Who is the Best Wide Receiver in Packers History?

Jordy Nelson retired last week and was recognized as one of the best Packers wide receivers ever. But is he the best?

Jordy Nelson retired last week and was recognized as one of the best Packers wide receivers ever.
But is he the best?

Jordy Nelson is one of the great receivers in Packers history. That statement should be as uncontroversial as it is obvious. One brief glimpse of one of his patented toe-tapping sideline catches or back-shoulder touchdown grabs is all anyone should need to know that at his best, he was something truly special.

But determining where he fits among all the pass catchers ever to wear a Packers uniform is a much trickier proposition. It’s easy to say he was great; it’s much harder to say how much more or less great he was in comparison to other all-timers. And even more difficult is trying to figure out which of those receivers is the best ever.

In fact, it’s so difficult I don’t think we should do it at all. Let’s play around with numbers instead.

The Packers receiving leaderboard has changed a ton

Receiving stats are fickle. For much of the NFL’s early history, the forward pass was considered foolhardy at best and actively harmful at worst. But once Don Hutson arrived on the scene, everything changed. The NFL’s first truly dominant pass catcher, Hutson rewrote the record book in Green Bay and in the league as a whole.

The game was never the same. With each passing year, new players rocketed up the Packers’ receiving yardage leaderboard, though nobody caught Hutson until James Lofton, who reigned supreme until Donald Driver broke the 10,000 yard mark.

But why read about the leaderboard changing when you can watch it? Here’s a year-by-year look at the Packers’ career leader in receiving yards, color coded by the decade in which that player made his debut.

A few takeaways:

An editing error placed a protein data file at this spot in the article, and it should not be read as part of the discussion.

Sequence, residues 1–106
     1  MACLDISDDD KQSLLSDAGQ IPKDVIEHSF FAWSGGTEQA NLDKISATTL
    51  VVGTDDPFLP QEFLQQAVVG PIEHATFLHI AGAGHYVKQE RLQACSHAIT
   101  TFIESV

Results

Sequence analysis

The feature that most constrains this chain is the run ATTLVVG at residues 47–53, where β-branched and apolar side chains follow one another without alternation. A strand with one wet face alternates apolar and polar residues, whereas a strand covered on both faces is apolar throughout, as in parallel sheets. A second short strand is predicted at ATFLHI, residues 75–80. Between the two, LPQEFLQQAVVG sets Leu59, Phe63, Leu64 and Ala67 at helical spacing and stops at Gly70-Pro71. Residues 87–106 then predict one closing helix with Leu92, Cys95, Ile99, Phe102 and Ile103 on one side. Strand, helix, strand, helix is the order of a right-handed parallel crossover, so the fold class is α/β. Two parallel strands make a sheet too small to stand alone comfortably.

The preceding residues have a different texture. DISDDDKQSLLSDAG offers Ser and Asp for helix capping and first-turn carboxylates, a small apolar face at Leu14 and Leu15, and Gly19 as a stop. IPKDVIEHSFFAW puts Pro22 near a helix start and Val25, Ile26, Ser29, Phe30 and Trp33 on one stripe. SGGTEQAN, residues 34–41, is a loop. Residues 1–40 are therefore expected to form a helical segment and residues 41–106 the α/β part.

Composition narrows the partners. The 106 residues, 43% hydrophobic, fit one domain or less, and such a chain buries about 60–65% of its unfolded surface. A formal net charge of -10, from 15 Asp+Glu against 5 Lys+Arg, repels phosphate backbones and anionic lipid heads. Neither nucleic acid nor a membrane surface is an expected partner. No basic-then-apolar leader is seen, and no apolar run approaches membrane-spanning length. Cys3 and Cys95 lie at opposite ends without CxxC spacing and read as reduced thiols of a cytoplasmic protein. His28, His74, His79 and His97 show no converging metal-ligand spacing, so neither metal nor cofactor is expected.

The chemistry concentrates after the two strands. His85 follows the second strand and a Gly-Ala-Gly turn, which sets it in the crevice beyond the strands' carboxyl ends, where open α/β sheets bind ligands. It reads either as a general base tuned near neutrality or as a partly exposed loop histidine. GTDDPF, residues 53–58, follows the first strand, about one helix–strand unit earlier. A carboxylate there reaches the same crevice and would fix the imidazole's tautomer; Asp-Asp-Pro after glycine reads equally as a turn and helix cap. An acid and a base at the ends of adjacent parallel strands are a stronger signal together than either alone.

• It’s amazing how long Johnny Blood hung around in the Packers’ top 10 with 934 yards. If you ever needed evidence on how slow the NFL was on adapting the passing game, look no further.

  • Don Hutson was amazing and the gulf between his career total and everyone else when he retired is simply incredible.

  • We all know the 1970s were not a great decade for the Packers, but watching the chart turn from an animation to basically a static image is a really uncomfortable confirmation of that fact.

  • James Lofton was known for his big play ability and his rapid rise up the Packers’ receiving leaderboard shows just how quickly he racked them up. He made his debut on the Packers’ top 10 in 1979 and took over the all-time lead in receiving yards in 1985, just his seventh season with the Packers.

  • It’s a tragedy that injuries derailed Sterling Sharpe’s career, and we really see how that injury affects the Packers in this animation. Sharpe’s injury cut short his shot at the all-time receiving yards but also opened the door for both Robert Brooks and Antonio Freeman to have a shot at making a bigger mark at the list. And much further down the line, Donald Driver probably never would have caught Sharpe had he maintained his pace.

The best Packers receiver is up to you

Choosing a favorite from among these great players id hard. Deciding definitively who was the best is all but impossible, depending almost entirely on your point of view.

Do you favor pure statistical dominance? Don Hutson is the choice. Are big plays your thing? You probably will tend to support James Lofton, who averaged an almost inconceivable 18.2 yards per catch during his Packers career. Do you prefer an unmatchable peak of excellence? Sterling Sharpe or Jordy Nelson would be the logical choice.

The point is, almost anyone who appears on the final version of this list can certainly be considered one of the greatest to ever play in Green Bay. As it stands today, the Packers all-time receiving leaderboard is a fantastic cross-section of the team’s history. Players from almost every decade of the team’s history still populate the list, while some of the brightest stars of the Favre-Rodgers era continue to push the boundaries of what’s possible in the passing game.